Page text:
As complex organisms, humans require thousands of proteins in order to function. Each protein has a specific shape and role within the body to ensure survival and when these proteins fail to work we often see large scale impacts across many cells, tissues and organs. During translation, a strand of mRNA gets interpreted from a sequence of nucleotides into a sequence of amino acids to form a polypeptide chain. (Biology Online Dictionary, 2017) Some proteins require modification after translation in order to form the specific shape necessary for their role in the body. There are many types of modification and most of these post-translational modifications are enzyme catalysed chemical reactions is response to a specific target sequence within the protein. (Bürkle 2001, p.1533)
The most common post-translational modifications as shown in Figure 1 are N-linked glycosylation, phosphorylation and acetylation. N-linked glycosylation is the covalent addition of a carbohydrate chain to the nitrogen atom of an amino acid. This usually takes place in the endoplasmic reticulum. N-linked glycosylation usually occurs on the N4 of asparagine in polypeptide chains. (Glycosylation, 2017) Phosphorylation is often reversible and it is this ability to go back and forth which makes this modification so useful in regulation of cellular processes such as the cell cycle, growth and differentiation. It is the addition of a phosphate group and is often on threonine, serine and tyrosine amino acid residues. (Post translation modification, www.sigmaaldrich.com) Acetylation is the addition of an acetyl group (CH3CO) to an amino acid residue. The addition can be both enzyme catalysed or non-enzymatic and acetylation is often involved in the structure of histones. Much like phosphorylation, acetylation is also reversible. (Brock, 2010) Reversible modifications allow the activation and deactivation of certain proteins in order to respond to any changes in the environment as necessary.
It is estimated that the human genome is comprised of approximately 20000 genes while the estimation of different types of proteins in the body is around 1 million. The combination of post-transcriptional modifications and post-translational modifications greatly increases the proteome diversity and shows that many genes encode many proteins. (Overview of post-translational modifications, www.thermofisher.com) As shown in Figure 2, there is a large increase in complexity between the genome, transcriptome and the proteome.
Post-translational modifications can be carefully studied and analysed to study whether errors in these modifications can lead to disease. An error would lead to a dramatic difference between the resulting protein and the desired one and often would mean the protein could not complete its role in the body. The study of heart disease, cancer, neurodegenerative diseases and diabetes are all though to be influenced by the modifications of the proteins involved. With ever-improving technology we are able to study the relationships between health and disease and modifications. (Post translational modifications: An overview, 2017) When detecting adaptations, depending on the protein and modification being analysed, there are various techniques available for detection, identification and validation.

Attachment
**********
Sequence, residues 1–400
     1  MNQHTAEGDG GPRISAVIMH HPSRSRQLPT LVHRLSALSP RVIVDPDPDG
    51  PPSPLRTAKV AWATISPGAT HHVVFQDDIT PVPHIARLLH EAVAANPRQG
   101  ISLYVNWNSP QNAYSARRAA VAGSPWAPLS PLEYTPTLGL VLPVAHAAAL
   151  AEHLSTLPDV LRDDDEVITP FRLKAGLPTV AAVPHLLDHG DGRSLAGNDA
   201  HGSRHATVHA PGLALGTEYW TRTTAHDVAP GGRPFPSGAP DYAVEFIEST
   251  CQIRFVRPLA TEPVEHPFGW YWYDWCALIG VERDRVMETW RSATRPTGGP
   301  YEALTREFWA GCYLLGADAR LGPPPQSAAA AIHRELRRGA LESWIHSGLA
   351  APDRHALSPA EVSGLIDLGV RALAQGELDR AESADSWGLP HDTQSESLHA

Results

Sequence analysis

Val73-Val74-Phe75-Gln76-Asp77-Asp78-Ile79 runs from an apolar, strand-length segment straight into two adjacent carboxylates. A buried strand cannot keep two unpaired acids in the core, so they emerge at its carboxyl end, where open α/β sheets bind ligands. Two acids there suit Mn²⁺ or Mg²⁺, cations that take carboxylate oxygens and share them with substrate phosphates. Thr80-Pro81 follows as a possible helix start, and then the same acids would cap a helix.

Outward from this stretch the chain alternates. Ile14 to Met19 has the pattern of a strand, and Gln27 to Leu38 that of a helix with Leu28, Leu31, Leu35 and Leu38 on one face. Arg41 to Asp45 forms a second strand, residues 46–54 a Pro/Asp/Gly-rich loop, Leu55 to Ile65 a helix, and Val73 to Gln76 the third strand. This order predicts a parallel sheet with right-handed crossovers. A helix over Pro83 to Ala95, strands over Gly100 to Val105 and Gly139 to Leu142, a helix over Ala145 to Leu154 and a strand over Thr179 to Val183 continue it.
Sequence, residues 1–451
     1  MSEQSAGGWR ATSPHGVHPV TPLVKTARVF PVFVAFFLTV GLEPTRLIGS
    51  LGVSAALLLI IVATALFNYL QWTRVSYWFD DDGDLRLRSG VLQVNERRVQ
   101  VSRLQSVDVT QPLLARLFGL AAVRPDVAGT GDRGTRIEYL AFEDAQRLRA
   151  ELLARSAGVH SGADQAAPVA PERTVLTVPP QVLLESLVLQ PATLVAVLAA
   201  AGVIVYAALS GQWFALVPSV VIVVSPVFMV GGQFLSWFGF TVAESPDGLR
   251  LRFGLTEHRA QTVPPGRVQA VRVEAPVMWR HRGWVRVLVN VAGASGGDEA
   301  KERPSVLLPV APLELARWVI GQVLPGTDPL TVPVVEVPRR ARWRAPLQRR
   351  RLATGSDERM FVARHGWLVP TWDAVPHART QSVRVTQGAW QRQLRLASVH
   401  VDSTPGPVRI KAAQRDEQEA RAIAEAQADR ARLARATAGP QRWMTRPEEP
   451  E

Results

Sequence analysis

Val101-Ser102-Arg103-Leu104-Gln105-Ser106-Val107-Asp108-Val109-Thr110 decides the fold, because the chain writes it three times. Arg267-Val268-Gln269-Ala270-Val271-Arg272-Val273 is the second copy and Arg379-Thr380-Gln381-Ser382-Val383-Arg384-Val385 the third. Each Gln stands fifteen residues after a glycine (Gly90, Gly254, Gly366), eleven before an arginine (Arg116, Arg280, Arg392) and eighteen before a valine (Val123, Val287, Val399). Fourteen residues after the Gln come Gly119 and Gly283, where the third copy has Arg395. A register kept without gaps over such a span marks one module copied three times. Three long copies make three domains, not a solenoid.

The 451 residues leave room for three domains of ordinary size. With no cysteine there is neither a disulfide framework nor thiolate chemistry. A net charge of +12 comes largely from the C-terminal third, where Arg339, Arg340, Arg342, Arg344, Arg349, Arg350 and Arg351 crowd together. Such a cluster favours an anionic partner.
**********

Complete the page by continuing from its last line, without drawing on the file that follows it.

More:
Immunoprecipitation is the basis of many post-translational modification detection assays. Antibodies are bound to a solid support and the targeted proteins within the sample interact with the specific binding sites on the antibodies. The non-targeted proteins do not bind and are later removed through various washing stages. Those that did remain attached to the antibody are then removed from the support matrix and undergo further tests to determine whether the protein had been post-transitionally modified or not such as western blot analysis or mass spectrometry. (Post-translational modification detection techniques, www.cytoskeleton.com) In silico modelling of post-translational modifications is a growing area of research and as a result, databases containing information on the types of modifications can be used to analyse trends between frequency and types of proteins which undergo modification. (Omajali, J.)
As these post-translational modification sites are so vital to protein development, when mutations occur it is believed that the malfunction could lead to various diseases. In one case, the loss of N-linked glycosylation in the prion protein leads to symptoms such as early-onset dementia and hypometabolism. Kennedy’s disease is thought to occur when there is a loss of acetylation and advanced sleep phase syndrome is thought to be linked to an absence of serine phosphorylation. As databases documenting various modifications continue to grow, there is a growing implication that mutations in post-translational modifications leads to disease. (Li, S. et al., 2009) It is known that post-translational modifications are affected by the aging process. As humans age the regulation of modifications decreases significantly causing age-related alterations. These alterations have been linked to some neurodegenerative diseases, atherosclerosis and cancer. (Santos A.L, Lindner A.B, 2017)
The highly regulated process of post-translational modification gives rise to the millions of proteins in the human body that allow such complex reactions and carefully controlled responses to stimuli. Addition of groups, cleaving bonds and associating ions to specific molecules enable proteins to perform their roles in the body and maintain a person’s health; however, mutations after transcription or translation cause the incorrect or absence of a vital modifications. This ultimately leads to the breakdown of cellular processes. As research into the significance of protein modifications furthers, more is known about how degenerative diseases are caused and what intervention could be taken to prevent disease and symptoms.